We propose a string theory of turbulence that explains the Kolmogorov scaling in 3+1 dimensions and the Kraichnan and Kolmogorov scalings in 2+1 dimensions. This string theory of turbulence should be understood in light of the AdS/CFT dictionary. Our argument is crucially based on the use of Migdal's loop variables and the self-consistent solutions of Migdal's loop equations for turbulence. In particular, there is an area law for turbulence in 2+1 dimensions related to the Kraichnan scaling.

I won't attempt to comment on the success of their program, but probing a bit further showed that their work had important predecessors in papers by Polykov,

The methods of conformal field theory are used to obtain the series of exact solutions of the fundamental equations of the theory of turbulence. ...

and Migdal. Here's Migdal:

The central problem of turbulence is to find the analog of the Gibbs distribution for the
energy cascade.

And it turns out that quantum field theory is the way to look, or so our authors claim.

It's just as I feared.

Tuesday, December 15, 2009

QFT: Zee

Any good theoretical physicist needs to have a deep understanding of quantum field theory(QFT). It's not a sufficient condition, of course, but it is pretty close to being absolutely necessary. Knowledge of that fact is probably why I have some dozens of books on quantum field theory. Transfer of information from the printed page is not automatic, of course, which is why I have a distinctly shallow* understanding of QFT.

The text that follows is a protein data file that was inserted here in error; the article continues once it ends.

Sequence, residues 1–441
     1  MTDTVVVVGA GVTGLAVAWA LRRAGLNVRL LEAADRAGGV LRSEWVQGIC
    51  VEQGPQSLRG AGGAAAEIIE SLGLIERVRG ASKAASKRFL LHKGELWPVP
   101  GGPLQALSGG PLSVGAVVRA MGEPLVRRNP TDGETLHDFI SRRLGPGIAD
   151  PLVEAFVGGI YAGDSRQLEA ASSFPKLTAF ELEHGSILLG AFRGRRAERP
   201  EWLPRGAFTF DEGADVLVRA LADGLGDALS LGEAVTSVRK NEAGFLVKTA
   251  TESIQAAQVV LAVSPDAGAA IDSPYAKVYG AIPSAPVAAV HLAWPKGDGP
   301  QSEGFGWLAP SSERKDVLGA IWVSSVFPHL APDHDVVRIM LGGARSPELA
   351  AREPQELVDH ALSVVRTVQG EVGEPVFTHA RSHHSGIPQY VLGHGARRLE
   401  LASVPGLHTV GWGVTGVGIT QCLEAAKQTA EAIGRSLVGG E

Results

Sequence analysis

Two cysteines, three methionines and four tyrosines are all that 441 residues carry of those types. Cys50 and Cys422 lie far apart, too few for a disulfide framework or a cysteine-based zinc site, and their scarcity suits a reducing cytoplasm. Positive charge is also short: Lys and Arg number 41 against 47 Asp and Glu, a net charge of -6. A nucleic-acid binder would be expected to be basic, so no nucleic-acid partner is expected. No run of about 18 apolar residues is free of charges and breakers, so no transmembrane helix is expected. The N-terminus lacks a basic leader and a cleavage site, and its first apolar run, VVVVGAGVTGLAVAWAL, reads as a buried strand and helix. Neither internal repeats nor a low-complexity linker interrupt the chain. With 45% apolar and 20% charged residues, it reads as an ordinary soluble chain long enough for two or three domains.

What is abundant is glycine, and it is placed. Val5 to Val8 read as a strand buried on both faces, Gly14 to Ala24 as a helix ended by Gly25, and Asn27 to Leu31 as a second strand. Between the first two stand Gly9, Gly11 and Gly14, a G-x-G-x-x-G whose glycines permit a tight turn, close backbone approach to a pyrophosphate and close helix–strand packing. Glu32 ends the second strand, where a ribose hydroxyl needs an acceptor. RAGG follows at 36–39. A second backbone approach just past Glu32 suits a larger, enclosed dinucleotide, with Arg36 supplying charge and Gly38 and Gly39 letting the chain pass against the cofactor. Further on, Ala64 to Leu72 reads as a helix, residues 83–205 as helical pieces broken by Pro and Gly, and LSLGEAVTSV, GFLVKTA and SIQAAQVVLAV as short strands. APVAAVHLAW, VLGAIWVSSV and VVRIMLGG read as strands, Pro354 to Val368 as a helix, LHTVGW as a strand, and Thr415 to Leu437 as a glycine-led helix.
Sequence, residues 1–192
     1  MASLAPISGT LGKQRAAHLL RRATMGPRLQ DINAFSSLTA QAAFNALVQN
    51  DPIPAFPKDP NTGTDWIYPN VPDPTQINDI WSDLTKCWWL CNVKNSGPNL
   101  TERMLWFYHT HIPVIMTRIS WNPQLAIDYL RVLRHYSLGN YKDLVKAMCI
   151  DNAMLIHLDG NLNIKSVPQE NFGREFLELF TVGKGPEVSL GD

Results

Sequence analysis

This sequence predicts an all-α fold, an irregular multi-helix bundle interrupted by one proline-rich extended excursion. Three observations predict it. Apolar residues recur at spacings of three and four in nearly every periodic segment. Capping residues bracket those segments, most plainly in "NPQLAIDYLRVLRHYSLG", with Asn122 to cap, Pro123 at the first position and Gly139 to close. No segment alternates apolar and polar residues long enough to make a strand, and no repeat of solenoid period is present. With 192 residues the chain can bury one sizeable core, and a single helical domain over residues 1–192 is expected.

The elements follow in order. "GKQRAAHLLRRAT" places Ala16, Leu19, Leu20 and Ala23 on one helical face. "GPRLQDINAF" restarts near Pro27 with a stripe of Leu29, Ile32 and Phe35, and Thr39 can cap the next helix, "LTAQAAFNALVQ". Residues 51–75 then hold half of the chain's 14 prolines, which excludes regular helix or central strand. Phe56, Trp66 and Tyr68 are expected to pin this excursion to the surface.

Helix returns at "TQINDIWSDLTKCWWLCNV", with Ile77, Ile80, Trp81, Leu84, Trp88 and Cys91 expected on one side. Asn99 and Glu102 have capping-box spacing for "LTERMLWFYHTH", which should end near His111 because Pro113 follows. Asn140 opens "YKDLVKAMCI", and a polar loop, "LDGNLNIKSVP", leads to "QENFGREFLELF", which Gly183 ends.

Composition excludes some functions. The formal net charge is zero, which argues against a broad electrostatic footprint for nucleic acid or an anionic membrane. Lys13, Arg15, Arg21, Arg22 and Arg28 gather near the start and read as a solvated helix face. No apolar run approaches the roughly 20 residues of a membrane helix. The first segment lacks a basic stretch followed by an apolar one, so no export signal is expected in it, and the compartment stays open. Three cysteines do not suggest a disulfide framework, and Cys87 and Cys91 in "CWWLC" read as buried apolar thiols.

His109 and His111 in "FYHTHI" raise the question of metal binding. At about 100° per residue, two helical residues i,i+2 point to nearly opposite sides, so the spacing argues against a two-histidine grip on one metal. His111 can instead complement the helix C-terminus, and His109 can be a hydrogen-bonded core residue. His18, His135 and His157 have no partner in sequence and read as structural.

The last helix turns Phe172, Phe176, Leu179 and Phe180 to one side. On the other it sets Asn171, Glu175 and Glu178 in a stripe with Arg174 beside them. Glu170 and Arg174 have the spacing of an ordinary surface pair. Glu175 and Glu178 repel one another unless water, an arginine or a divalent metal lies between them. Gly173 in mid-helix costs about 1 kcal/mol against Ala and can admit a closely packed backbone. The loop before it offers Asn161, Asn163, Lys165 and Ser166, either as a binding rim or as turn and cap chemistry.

Tony Zee is a guy with a deep understanding of QFT, and he has written a somewhat unconventional but widely praised book on quantum field theory: Quantum Field Theory in a Nutshell. I mention this because Peter Woit has pointed out that Zee is coming out with a new edition.

Looking over the promo page at PUP, I was surprised to see my old school among the major universities that had adopted the first edition as a textbook - not surprised that they had adopted the book but that they were a "major" university. In my day, the old school was notable mainly for baseball, parties, hot girls, and good football teams. These days, the good football teams have vanished - I hope there are still some hot girsls about.

I have the first edition, and quite like those parts I have read. It would be ridiculous for me to buy the second, since there is essentially no chance that it will inspire me towork hard enough to get a significantly deeper understanding of QFT. I probably will buy it, of course, but maybe I can wait until the preorder period is almost up.